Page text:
by Fabrice Arcizet, Richard J. Krauzlis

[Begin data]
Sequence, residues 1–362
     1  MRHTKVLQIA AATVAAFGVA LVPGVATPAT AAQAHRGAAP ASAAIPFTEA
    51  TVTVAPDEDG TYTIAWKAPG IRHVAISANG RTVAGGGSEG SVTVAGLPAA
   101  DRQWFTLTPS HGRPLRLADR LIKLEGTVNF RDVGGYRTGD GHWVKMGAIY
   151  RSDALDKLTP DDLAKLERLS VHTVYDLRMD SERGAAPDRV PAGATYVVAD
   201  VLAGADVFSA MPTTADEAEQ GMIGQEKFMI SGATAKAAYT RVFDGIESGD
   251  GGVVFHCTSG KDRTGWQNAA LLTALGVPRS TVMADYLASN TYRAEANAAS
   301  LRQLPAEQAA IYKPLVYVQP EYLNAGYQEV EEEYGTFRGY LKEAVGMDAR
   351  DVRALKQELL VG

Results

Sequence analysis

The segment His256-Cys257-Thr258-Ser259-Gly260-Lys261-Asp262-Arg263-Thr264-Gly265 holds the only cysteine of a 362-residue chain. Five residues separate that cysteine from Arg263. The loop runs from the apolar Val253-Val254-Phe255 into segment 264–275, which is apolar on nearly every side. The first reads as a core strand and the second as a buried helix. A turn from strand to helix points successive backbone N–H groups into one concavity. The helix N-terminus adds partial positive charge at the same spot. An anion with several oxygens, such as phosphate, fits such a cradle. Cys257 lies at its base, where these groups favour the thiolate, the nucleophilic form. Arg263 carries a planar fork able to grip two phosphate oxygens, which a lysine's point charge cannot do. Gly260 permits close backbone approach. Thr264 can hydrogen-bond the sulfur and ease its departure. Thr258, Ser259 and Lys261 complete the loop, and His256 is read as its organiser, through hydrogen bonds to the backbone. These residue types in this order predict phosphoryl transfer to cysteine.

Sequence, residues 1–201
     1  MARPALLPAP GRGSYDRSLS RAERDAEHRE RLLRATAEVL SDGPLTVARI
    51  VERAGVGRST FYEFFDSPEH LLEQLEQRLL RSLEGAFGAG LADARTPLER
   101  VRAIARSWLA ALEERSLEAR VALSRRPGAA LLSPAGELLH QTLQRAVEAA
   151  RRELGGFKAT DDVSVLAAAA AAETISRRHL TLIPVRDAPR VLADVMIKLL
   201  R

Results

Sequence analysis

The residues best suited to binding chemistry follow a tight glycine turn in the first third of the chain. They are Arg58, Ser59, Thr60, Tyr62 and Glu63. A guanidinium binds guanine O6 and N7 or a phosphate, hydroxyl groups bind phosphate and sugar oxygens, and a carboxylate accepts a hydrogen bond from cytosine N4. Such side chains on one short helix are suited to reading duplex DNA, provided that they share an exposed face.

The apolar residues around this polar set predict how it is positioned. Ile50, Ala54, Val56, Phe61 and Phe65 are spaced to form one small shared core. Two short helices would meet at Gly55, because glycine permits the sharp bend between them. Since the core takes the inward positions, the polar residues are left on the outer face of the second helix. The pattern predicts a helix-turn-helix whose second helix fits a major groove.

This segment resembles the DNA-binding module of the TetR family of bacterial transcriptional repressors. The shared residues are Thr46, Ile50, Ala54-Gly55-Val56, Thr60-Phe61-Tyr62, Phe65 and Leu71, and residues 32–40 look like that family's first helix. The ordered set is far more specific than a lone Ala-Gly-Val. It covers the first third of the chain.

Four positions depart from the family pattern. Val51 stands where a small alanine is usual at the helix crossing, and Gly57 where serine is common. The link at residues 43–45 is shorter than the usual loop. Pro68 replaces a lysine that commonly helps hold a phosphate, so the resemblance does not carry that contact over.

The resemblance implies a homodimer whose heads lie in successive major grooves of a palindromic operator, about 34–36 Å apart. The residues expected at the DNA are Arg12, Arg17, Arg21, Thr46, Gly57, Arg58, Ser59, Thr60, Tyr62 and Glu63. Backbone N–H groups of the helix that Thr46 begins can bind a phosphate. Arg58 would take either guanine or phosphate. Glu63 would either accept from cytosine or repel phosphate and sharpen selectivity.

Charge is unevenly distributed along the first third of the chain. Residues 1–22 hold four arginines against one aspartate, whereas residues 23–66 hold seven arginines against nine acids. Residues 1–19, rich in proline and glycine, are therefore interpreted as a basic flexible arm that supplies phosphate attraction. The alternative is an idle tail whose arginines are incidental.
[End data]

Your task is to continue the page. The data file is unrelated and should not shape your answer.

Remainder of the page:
The basal ganglia are important for action selection. They are also implicated in perceptual and cognitive functions that seem far removed from motor control. Here, we tested whether the role of the basal ganglia in selection extends to nonmotor aspects of behavior by recording neuronal activity in the caudate nucleus while animals performed a covert spatial attention task. We found that caudate neurons strongly select the spatial location of the relevant stimulus throughout the task even in the absence of any overt action. This spatially selective activity was dependent on task and visual conditions and could be dissociated from goal-directed actions. Caudate activity was also sufficient to correctly identify every epoch in the covert attention task. These results provide a novel perspective on mechanisms of attention by demonstrating that the basal ganglia are involved in spatial selection and tracking of behavioral states even in the absence of overt orienting movements.
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